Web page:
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Completed project: 40 x $1 Turbo Sit and Goes

February 11, 2008

I’ve completed the 40 $1 Turbo Sit and Go project that I was running on Full Tilt.

Statistical results first.

  • Cost of buy-ins: $50.00 ( $1.25 x 40)
  • Gross profit: $74.70
  • Net profit: $24.70; average $0.62, so for every $1.25 it cost me to play, I gained .62
  • ROI: 49%
  • ITMs: 24 of 40, or 60.0% (paid 1, 2, 3 places)
  • 1st: 9
  • 2nd: 8
  • 3rd: 7
  • 4th: 4
  • 5th: 5
  • 6th: 1
  • 7th: 4
  • 8th: 2
  • 9th: 0
  • Average finish: 3.43

That last stat is the most meaningless one, though perhaps it’s worth noting that I finished 9th zero times and 8th twice. The first 8th place finish was one of the first tight tables I encountered and it caught me by surprise. That plus being card dead led me to shove 55 with a stack of 770 when the blinds were already 80/160. The other I shoved after waiting for quite a while to pick up cards, after having lost a big portion of my stack much earlier. I had raised AK from UTG and got 4 callers (!). I could have dropped the hand except I picked up a flush draw with my K and called down with 2 others not knowing I was drawing dead with the A7 of the suit already holding the nut flush.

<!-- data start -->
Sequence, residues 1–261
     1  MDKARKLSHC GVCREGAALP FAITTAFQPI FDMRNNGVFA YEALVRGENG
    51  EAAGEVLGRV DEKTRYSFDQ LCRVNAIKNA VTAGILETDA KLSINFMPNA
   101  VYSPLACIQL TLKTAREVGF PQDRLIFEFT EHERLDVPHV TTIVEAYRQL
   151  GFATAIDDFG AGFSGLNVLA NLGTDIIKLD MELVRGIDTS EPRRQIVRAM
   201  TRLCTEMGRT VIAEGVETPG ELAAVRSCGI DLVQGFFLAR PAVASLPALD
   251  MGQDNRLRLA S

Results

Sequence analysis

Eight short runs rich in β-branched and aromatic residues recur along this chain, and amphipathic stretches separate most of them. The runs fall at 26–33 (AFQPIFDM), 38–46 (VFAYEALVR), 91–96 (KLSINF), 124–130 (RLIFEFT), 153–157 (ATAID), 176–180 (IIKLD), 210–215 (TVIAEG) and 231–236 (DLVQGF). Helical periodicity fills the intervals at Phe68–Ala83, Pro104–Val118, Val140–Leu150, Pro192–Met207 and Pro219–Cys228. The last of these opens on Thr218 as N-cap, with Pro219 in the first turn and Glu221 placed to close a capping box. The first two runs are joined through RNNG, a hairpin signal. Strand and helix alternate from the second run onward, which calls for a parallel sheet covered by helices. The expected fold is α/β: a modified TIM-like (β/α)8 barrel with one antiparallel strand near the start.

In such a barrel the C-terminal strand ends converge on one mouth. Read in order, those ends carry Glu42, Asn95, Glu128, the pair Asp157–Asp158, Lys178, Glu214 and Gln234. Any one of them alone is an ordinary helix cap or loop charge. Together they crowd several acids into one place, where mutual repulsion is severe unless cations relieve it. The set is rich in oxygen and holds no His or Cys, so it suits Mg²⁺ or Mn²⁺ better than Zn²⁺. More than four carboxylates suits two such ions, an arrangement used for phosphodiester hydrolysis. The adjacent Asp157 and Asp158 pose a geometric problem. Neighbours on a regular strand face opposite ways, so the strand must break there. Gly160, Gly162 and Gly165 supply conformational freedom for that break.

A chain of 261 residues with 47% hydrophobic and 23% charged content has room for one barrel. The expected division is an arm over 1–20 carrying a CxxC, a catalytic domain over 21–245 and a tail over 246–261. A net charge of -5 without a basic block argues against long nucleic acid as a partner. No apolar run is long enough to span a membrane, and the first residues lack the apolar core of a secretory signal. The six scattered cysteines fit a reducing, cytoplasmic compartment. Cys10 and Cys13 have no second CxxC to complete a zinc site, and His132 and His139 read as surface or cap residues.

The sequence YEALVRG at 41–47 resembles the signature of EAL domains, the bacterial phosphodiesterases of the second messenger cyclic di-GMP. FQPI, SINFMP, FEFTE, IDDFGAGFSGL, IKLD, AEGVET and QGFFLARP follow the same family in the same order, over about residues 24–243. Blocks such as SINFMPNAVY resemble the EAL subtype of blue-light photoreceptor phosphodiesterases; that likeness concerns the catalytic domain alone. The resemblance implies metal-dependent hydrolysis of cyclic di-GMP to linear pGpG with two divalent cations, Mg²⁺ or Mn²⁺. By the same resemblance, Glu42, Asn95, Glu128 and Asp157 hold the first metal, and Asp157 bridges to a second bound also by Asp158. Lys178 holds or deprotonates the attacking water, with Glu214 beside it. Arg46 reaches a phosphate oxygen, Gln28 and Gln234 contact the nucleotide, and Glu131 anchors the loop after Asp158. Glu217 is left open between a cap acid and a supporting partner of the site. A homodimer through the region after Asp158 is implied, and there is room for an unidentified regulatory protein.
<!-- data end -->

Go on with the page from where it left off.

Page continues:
Strategy-wise what I learned is:

  1. In the early rounds (until the blinds get to 50/100 or so) play tight and somewhat passive. Only raise JJ/QQ/KK/AA/AK, and do it from almost any position, and do it when you have limpers ahead (4XBB + 1 for each limper though). Limp AT/AJ/KQ/QJ/66/77/88/99/TT from any position. You might be able to raise some of these second category hands on the rare occassion that you are in late position and no one has limped ahead of you, but that’s going to be very rare. These games are full of limp/callers so unless you have a monster there’s no point raising, and c-bets of missed flops often get called with bottom pair or draws. These players don’t understand pot odds either, so don’t assume they know that you didn’t give them odds to chase.
  2. Basically, try not to play any hands unless you have a monster, are in late position with a drawing hand, or are in the blinds.
  3. Look for players who call preflop raises with weak holdings, and those that call raises often, as well as those who call infrequently. You need to know this the rest of the way to target the non-callers to steal their blinds and avoid the callers.
  4. Look for betting traits. Some bet at any flop that no one has shown any interest in. Some love to slowplay. Some bet/call boards whenever they hold an Ace. Some get very aggressive with top pair/no kicker. Unfortunately the very worst often get knocked out first, although some get lucky and build big stacks for you to target later.
  5. When you catch a flop you may want to shove 2 pair/sets as you will get called by top pair/no kicker or draws. And you may want to shove to a raise of your flop bet with top pair/good kicker as the raise may mean top pair/any kicker. However if you have a draw (OESD or flush draw) don’t think that they won’t look you up with overcards if you bet or even shove even if it’s late and your bet represents all or most of their stack.
  6. Survival is key. If I can get to blinds of 50/100 and I have 850 or more chips, I’m okay ’cause I can outplay the opposition from that point on. Better yet is if I can pick up one or two small pots and cruise into the next phase with 2,000 chips.